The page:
Guard your refunds - Identity theft lurks

You have plenty of reasons to speed up the process of filing your individual tax return. The primary reason has always been that, if you're expecting a refund, you shouldn't wait any longer than necessary to receive it.

Add identity theft to your reasoning this year.

Identity thieves have found ways to fraudulently prepare tax returns and steal refunds from taxpayers, and they're doing it at exponential rates. In 2010, the IRS identified 49,000 returns that involved $247 million in refunds attributable to identity theft. In 2011, the numbers grew to 262,000 returns and almost $1.5 billion in fraudulent refunds.

Identity thieves haven't limited their victims to the living. Many families have suffered the passing of a loved one only to find that identity thieves had stolen the decedent's tax refund. Ironically, much of the information identity thieves use is received from the federal government.

Every year, when the Social Security Administration learns of individuals' deaths, it releases their names and Social Security numbers in a Death Master File. The file is meant to be confidential, but it has proven to be easily accessible.

The good news is that the IRS has been actively attacking tax frauds and identity thefts. And, it should be made clear that any tax refund stolen from a taxpayer will ultimately be refunded once the IRS is convinced of the taxpayer's identity.

But how long and how arduous is the process?

The better news is that the IRS has recently issued Form 14039, which essentially puts the IRS on notice of your identity (or a decedent's, if you're an executor). It's available to taxpayers who have been or may be victims of identity theft.

The taxpayer files Form 14039 with appropriate photocopies of identification. After someone files the form, the IRS will not send refunds, etc., to the addresses of others who make the same claims.

To lessen the chance of stolen refunds the following actions are recommended:

  • File individual returns, especially those with large anticipated refunds, as soon as practicable.
  • Don't ignore an IRS notice that indicates you've received wages from a job you've never held.
  • File Form 14039 if you have been an actual victim of identity theft.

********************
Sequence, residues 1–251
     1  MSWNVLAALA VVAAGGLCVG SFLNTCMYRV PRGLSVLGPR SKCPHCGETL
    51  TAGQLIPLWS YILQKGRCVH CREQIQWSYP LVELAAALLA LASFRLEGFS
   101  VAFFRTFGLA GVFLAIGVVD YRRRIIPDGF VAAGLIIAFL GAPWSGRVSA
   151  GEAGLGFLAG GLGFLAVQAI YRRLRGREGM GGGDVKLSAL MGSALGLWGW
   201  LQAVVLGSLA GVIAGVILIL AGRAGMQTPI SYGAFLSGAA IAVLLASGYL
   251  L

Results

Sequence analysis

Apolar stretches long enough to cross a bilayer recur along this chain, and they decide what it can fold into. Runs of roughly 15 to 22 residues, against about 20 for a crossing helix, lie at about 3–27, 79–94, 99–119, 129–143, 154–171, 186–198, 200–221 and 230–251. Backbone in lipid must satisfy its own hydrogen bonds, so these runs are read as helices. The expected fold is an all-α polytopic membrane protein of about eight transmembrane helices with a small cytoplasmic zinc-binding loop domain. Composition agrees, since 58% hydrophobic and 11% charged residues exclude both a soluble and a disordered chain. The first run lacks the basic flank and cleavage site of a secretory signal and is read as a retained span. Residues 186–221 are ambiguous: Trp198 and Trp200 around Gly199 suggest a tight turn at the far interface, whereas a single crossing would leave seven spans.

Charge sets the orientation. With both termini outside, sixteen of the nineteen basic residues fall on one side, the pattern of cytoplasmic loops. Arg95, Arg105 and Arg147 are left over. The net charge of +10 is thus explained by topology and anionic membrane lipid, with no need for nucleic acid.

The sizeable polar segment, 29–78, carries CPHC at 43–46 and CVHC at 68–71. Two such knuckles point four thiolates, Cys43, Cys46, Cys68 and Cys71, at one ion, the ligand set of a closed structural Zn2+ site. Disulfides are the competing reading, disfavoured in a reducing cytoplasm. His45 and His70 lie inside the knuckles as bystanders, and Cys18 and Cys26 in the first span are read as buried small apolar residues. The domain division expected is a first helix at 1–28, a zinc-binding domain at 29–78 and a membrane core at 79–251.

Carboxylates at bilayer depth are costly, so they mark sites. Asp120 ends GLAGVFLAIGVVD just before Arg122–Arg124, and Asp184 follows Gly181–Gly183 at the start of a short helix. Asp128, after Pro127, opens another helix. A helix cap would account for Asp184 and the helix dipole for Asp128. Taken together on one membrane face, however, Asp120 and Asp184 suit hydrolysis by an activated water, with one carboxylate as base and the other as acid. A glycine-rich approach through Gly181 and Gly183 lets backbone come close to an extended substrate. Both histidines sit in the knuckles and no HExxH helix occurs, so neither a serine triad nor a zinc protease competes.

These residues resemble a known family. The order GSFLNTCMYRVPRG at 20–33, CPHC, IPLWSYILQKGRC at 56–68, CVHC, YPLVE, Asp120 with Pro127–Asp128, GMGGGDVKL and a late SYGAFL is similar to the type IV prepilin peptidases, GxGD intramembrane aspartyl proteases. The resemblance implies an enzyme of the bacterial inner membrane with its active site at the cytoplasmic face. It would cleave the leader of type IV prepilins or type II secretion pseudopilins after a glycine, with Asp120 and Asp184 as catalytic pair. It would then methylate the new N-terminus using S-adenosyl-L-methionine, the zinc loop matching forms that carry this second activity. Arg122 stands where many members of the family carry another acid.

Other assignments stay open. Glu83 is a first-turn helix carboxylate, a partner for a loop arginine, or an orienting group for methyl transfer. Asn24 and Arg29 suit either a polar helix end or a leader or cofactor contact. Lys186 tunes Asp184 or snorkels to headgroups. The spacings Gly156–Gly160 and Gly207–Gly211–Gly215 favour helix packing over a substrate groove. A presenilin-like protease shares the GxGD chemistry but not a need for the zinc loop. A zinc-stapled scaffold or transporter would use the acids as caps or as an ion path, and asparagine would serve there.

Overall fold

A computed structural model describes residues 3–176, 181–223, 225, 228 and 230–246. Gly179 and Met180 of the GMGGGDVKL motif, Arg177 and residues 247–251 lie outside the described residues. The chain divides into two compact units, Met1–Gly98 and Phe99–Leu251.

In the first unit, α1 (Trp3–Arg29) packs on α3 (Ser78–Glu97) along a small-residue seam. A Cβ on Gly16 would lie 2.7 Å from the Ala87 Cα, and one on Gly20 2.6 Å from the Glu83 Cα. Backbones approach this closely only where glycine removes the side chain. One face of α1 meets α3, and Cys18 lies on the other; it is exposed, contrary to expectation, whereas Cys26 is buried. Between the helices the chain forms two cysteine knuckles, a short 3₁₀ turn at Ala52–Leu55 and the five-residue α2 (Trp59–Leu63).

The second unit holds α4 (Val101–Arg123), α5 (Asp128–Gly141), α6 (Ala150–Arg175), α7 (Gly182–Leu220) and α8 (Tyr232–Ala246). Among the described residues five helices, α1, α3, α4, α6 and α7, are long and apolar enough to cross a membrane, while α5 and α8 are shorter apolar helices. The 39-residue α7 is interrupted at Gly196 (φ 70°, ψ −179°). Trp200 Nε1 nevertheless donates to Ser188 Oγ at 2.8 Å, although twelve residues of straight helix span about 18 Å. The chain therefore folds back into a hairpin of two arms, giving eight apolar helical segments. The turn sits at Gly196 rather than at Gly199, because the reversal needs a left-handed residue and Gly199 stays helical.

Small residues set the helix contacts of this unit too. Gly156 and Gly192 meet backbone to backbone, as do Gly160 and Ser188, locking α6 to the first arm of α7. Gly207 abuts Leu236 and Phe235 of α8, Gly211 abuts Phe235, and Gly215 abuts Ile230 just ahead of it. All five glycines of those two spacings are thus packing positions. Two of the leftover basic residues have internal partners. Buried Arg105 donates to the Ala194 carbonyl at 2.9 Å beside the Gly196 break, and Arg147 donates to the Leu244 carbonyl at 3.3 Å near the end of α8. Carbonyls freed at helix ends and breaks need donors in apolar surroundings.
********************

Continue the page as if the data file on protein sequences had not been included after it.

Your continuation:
• File Form 14039 if you feel you are a potential victim of identity theft, e.g., if you've had a lost or stolen purse or wallet, questionable credit card activity, etc.
  • File Form 14039 if you're the executor for a decedent with a potential refund and recommend that others file for friends and loved ones who have recently died.

When clients fall victim to identity theft, they may feel that their IRS information is safe and that refunds are not at risk. And if clients don't feel the need to share identity theft issues with their accountant, they may miss an opportunity to protect their refunds.

In addition to helping identity theft victims clear up problems with their IRS accounts, the IRS works proactively to help ensure that these taxpayers do not encounter delays in processing their future returns.

In January 2011, the IRS launched a pilot program for Identity Protection Personal Identification Numbers (IP PIN). The IP PIN is a unique identifier that establishes that a particular taxpayer is the rightful filer of the return.

This program continues to be in place. In December 2011, the IRS mailed IP PINs to identity theft victims for them to use in filing their 2011 tax returns.

If you have been a victim of identity theft, it is recommended that you let your tax adviser know as soon as possible.

Written by co-authors Christopher P. Anderson, CPA, of Testone, Marshall & Discenza, LLP, the Syracuse, N.Y., member of CPAmerica International, and CPAmerica Tax Director Linda Harding, CPA

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